Pennsylvania retirees are running away! Here’s where they’re going to live
Pennsylvania, one of the oldest states in the U.S. with a median age of 40.8 years, is witnessing a significant migration of retirees to other states. In 2019, the state lost 15,629 residents aged 65 and over, primarily due to high taxes, cold weather, and lack of amenities. This trend is shaping the state’s economy, social services, and political landscape in various ways.
Popular Destinations for Pennsylvania’s Retirees
- Florida: Known for its warm climate and a high percentage of residents aged 65 and over (20.9%), Florida is a prime destination. It offers lower taxes and abundant recreational opportunities for seniors.
- North Carolina and South Carolina: These states are gaining popularity for their proximity to mountains and coasts, offering a blend of warm climate and lower taxes.
- Arizona: Attracts retirees with its dry and sunny weather, beneficial for those with arthritis or respiratory issues.
- Texas: Offers a large, diverse landscape with vibrant cultures and cities catering to various lifestyles and preferences.
- Tennessee: Known for its music, entertainment scene, low cost of living, and absence of income tax.
Implications of Retiree Migration The departure of retirees from Pennsylvania has mixed effects. On one hand, it eases pressure on the state’s budget regarding funding for pensions, healthcare, and social services for seniors. It also opens up job opportunities for younger workers. On the other hand, this migration reduces tax revenue, consumer spending, and political influence.
It also leads to a shortage of skilled and experienced workers, particularly in sectors like education, healthcare, and public administration. Moreover, this shift can affect the state’s cultural and historical identity.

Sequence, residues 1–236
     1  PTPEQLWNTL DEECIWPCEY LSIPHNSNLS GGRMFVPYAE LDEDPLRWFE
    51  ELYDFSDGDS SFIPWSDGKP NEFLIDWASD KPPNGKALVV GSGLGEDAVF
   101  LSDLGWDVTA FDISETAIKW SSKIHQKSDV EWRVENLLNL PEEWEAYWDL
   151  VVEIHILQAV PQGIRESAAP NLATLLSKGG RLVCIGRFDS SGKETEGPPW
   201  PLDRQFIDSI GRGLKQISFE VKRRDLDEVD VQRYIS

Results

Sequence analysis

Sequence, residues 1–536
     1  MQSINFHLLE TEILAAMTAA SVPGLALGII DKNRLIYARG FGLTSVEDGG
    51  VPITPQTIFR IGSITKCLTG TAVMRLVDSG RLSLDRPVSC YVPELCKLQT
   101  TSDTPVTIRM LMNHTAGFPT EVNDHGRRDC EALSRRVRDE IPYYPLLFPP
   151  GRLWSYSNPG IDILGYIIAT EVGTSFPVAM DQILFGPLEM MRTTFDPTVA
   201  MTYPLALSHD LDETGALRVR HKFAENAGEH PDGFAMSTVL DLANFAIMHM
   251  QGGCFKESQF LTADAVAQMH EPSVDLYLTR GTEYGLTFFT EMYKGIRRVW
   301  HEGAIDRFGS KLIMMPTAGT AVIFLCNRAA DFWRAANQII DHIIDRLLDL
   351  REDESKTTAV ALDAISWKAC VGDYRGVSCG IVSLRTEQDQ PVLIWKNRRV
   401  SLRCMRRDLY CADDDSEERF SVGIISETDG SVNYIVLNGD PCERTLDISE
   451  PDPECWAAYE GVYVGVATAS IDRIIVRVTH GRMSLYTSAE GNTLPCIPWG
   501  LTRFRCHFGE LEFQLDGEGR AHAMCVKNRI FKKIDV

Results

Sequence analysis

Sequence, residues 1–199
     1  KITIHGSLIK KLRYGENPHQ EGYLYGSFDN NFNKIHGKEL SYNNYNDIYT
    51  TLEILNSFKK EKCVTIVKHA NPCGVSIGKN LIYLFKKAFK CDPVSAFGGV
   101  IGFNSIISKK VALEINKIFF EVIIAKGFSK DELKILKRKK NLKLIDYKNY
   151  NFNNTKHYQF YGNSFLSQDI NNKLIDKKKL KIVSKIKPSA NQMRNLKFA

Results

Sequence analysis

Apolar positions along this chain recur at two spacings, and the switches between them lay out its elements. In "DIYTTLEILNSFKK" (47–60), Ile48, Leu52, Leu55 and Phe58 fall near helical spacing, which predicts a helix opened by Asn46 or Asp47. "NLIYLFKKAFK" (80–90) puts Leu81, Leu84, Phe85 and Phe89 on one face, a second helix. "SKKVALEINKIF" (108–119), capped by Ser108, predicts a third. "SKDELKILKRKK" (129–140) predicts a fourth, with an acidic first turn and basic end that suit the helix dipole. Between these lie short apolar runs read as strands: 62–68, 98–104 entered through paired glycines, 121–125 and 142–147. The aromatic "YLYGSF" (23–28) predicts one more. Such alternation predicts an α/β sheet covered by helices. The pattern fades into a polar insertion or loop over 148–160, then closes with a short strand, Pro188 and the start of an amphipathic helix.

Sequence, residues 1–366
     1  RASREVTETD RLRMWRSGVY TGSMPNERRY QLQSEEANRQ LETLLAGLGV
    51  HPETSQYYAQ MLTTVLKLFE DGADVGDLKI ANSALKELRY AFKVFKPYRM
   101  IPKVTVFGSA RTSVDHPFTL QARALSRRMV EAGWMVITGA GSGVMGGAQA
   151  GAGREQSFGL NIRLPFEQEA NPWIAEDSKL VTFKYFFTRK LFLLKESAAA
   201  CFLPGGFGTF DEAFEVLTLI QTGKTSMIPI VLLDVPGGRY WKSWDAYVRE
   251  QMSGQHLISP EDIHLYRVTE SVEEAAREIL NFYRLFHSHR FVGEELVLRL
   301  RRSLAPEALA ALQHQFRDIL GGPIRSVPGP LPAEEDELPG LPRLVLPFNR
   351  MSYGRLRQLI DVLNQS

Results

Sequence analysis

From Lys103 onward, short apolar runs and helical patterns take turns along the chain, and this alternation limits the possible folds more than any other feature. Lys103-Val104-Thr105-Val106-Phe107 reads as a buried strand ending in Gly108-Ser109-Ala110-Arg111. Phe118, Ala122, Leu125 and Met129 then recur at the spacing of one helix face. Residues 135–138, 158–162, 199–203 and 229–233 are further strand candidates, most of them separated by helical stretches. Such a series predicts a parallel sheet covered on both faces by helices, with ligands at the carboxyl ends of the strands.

Challenges and Attractions in Pennsylvania Despite the outflow, Pennsylvania does have attractions for retirees, such as a low cost of living, no taxes on retirement income, and excellent healthcare facilities including top hospitals like UPMC Shadyside and Philadelphia.
The state also offers a rich outdoor experience with activities for active seniors, like golfing and trekking. However, drawbacks like cold winters, an inheritance tax, and the lack of a vibrant urban buzz may deter some retirees.
Pennsylvania’s cold climate, especially during winters, and its inheritance tax policy (where heirs can be taxed up to 15% of the inheritance’s value) are notable deterrents. These aspects contrast sharply with the desires of those seeking warmer retirement destinations or looking to preserve their wealth for heirs.
In conclusion, while Pennsylvania faces challenges in retaining its retirees, the state also possesses several qualities that can appeal to potential retirees. Balancing these factors will be crucial as Pennsylvania adapts to the changing demographics and preferences of its population